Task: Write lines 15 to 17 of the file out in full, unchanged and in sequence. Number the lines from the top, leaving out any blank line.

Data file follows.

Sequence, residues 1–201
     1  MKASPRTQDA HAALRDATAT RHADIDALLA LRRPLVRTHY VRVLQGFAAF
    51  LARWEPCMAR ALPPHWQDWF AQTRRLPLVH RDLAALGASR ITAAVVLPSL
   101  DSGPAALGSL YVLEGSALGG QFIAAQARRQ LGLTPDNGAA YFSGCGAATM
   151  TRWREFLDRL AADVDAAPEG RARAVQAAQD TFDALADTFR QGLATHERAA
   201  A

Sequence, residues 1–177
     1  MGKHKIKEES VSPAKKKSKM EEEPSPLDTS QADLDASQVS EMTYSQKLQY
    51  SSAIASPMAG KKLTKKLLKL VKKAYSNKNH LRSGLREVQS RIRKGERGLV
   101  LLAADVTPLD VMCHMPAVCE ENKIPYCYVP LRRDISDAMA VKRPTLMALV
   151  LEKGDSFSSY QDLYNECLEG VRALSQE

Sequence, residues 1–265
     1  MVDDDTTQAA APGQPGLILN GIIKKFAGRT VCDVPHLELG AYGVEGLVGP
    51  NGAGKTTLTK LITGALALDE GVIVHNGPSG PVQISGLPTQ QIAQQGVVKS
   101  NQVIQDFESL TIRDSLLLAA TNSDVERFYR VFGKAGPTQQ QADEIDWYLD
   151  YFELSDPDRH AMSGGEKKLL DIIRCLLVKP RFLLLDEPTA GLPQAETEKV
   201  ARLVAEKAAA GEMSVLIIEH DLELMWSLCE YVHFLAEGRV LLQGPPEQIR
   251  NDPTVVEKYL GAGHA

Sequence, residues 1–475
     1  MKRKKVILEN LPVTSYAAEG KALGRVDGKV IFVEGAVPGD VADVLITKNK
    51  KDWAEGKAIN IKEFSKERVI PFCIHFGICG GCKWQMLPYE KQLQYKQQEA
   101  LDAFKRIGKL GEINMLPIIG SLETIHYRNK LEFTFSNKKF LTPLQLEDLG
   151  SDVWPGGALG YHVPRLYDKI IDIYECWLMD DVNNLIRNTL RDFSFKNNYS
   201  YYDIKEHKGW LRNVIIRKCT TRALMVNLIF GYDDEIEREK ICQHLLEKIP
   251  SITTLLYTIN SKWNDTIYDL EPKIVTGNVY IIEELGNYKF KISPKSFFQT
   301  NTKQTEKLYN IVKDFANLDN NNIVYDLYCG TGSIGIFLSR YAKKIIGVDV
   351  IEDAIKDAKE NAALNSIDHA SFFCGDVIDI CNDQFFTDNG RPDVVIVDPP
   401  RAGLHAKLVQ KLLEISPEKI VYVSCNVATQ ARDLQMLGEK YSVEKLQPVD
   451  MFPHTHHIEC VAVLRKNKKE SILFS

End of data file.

   101  NQVIQDFESL TIRDSLLLAA TNSDVERFYR VFGKAGPTQQ QADEIDWYLD
   151  YFELSDPDRH AMSGGEKKLL DIIRCLLVKP RFLLLDEPTA GLPQAETEKV
   201  ARLVAEKAAA GEMSVLIIEH DLELMWSLCE YVHFLAEGRV LLQGPPEQIR